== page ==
Blog Blunder #1: No call to action!
I was a shy blogger when I first started and I cringed at the thought of asking people to subscribe. I thought if they wanted to read what I had to say every week they would figure it out themselves. But then I realized that potential subscribers often don’t consider “going steady” until you ask them to take the next step, and it doesn’t have to be aggressive. So in the fall of 2012, I finally gained enough confidence to add a sentence to the bottom of every post that simply says, “If you like this article subscribe to my blog.” Subscriber stats increased immediately. A couple months later I activated the plugin “Notification Bar,” which adds the invitation to subscribe across the top of my website, and subscribers doubled in just a few months.
Blog Blunder #2: I stopped growing my Twitter following
I got really, really busy after I published my first novel, and one of the tasks I stopped doing regularly was to seek out and follow people on my favorite social media platform, Twitter. Big mistake, know why? Because new followers are also new to your blog content. Yes, that’s right. New followers = potential new blog readers. Don’t stop building your community!
Blog Blunder #3: I didn’t collaborate enough with other authors
So many experts are dissing the “huge” mistake authors are making by marketing to other authors on every social media platform – and I agree about the marketing bit. However, forming close alliances with authors who write and produce a quality product is one of the best perks of hanging out on social media. Unfortunately, my excuse was that I didn’t “have enough time” to establish new relationships/collaborations with my peers, and now I’m paying the price. Other authors are our best support system. Guesting on their blogs can expose our work to their readers and vice versa, which benefits everyone. Alliances among groups of talented self-published authors can be a lucrative way to market. So figure out who’s good and hang out with them.
Blog Blunder #4: I was mesmerized by blog stats
Okay, I admit it, all right? I was hypnotized by my blog stats. I was enthralled by the steady growth my website experienced and every day I checked again and again – how many page views? Gasp! So I had to break myself of the habit. Really, it was just a form of procrastination (like excessively checking Facebook or surfing the web), and once I realized that, I backed off. Funny though, I remember reading a blog post a year ago written by an author who said she stopped blogging because she couldn’t break her habit of checking stats. Isn’t that sort of like throwing out the baby with the bathwater? I vote for balance in all things. Blogging is one of the best author marketing tools available, and my position is that it’s a must-do for every self-published author. Just try to detach from the urge to watch your website stats ;-O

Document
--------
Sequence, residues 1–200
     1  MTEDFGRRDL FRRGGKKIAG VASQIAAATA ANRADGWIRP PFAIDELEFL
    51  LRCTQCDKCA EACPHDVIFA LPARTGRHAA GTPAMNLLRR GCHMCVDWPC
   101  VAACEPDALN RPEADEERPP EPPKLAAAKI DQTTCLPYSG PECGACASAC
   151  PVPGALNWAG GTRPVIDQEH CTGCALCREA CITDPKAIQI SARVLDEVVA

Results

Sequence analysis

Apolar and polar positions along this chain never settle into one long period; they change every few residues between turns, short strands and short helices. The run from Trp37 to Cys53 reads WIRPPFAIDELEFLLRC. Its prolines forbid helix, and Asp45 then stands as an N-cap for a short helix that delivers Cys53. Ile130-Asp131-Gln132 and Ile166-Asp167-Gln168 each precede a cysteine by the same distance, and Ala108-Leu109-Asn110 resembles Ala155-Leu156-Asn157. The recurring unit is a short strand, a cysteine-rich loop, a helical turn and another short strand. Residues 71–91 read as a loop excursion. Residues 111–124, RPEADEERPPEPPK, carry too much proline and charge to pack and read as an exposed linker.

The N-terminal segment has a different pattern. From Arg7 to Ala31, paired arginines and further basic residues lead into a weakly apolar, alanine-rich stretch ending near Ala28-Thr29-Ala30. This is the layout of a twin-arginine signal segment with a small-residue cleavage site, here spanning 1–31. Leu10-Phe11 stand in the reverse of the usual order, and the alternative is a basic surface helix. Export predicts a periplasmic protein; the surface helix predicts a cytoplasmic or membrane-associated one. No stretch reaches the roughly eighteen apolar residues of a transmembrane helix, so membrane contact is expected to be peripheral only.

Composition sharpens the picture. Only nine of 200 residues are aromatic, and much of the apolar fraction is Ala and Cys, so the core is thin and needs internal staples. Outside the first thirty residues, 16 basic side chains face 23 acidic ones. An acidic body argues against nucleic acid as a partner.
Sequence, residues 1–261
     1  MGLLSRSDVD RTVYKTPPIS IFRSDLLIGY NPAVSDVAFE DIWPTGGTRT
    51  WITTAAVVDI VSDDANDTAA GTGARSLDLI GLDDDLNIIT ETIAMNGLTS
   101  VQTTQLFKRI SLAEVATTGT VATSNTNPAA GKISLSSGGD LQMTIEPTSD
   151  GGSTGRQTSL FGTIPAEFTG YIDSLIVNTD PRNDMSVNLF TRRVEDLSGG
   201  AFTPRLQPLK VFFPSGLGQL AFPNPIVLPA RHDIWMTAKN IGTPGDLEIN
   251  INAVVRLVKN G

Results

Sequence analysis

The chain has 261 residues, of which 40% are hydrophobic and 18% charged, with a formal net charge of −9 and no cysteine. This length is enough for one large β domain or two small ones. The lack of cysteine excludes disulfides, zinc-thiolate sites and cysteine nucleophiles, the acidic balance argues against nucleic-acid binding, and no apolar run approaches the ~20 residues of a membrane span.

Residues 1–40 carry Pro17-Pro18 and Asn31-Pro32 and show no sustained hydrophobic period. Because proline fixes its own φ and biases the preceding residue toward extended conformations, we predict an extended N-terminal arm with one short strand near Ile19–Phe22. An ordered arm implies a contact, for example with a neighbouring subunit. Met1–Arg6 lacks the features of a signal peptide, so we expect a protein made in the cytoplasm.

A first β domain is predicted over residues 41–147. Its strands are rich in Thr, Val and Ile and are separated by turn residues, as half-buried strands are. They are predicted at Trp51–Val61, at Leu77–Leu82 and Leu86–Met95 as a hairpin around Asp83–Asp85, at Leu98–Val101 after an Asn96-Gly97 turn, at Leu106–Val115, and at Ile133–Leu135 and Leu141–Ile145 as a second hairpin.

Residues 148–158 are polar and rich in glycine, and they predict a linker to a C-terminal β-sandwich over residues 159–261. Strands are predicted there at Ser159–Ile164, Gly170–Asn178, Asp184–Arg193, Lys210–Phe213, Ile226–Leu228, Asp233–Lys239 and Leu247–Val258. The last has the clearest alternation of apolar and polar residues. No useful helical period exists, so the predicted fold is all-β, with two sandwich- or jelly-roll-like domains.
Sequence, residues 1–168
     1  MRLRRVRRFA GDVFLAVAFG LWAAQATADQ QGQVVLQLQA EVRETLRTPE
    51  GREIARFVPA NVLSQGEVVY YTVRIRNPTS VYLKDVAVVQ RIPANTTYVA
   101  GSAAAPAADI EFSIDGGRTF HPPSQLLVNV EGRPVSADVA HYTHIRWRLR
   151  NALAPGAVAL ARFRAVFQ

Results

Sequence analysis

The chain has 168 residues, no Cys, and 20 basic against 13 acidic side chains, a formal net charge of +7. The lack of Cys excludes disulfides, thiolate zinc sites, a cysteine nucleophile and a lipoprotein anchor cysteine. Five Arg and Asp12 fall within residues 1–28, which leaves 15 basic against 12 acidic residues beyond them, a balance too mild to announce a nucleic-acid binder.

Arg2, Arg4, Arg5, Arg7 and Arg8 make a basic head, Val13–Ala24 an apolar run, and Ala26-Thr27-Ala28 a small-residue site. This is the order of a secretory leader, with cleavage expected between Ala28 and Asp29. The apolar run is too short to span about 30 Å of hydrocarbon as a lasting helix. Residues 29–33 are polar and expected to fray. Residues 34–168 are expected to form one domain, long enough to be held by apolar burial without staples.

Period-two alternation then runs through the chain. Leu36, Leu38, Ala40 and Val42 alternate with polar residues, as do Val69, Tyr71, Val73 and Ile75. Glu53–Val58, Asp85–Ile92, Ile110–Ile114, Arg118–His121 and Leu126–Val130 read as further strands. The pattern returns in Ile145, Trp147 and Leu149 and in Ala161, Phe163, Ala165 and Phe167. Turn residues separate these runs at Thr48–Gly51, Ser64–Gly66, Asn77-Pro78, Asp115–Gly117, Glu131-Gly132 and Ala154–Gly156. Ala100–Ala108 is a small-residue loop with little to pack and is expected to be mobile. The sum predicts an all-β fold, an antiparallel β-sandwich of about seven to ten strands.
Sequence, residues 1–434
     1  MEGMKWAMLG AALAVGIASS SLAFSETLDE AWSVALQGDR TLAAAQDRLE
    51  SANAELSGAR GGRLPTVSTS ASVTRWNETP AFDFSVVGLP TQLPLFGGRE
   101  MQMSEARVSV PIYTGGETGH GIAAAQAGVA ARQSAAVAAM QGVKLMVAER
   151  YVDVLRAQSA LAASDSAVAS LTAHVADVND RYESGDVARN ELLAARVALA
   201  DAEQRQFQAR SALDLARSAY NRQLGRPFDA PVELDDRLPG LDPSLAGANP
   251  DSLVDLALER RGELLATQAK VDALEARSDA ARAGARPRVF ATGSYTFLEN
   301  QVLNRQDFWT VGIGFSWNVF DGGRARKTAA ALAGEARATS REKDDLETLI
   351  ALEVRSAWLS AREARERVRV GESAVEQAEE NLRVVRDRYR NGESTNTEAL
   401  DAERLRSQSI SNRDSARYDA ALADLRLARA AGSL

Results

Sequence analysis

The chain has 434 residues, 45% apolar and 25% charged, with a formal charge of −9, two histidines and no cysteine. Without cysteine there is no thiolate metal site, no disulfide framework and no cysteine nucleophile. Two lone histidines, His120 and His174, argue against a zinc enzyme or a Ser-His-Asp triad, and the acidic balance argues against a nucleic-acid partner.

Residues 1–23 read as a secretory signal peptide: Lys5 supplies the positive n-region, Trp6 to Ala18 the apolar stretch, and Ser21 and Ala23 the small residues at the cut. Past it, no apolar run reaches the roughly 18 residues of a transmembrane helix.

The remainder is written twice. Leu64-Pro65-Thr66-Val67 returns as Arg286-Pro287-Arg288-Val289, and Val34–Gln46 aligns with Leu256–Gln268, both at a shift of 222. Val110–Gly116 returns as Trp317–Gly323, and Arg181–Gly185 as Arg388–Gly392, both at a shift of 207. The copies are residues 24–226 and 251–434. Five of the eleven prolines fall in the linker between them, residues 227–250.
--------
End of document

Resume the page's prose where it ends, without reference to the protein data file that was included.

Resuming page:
Blog Blunder #5: I didn’t establish a solid plan to repurpose blog posts
I seriously erred right from the beginning by not having a plan for my blog. But way back in 2011 I had no idea it was possible to have a plan – lol, no, really! When I finally wised up I established a serious campaign to repurpose my posts. Now my mantra is “3-purpose,” which means I make every effort to utilize everything I write three times (with necessary modifications). Here’s an example: Twitter Tips was a post on my blog; then it morphed into a flyer I offer as a freebie for new email subscribers; and I’ll eventually expand the info and include it in the second book in my blogging series (coming sometime in 2014) to be titled, “Blog On!”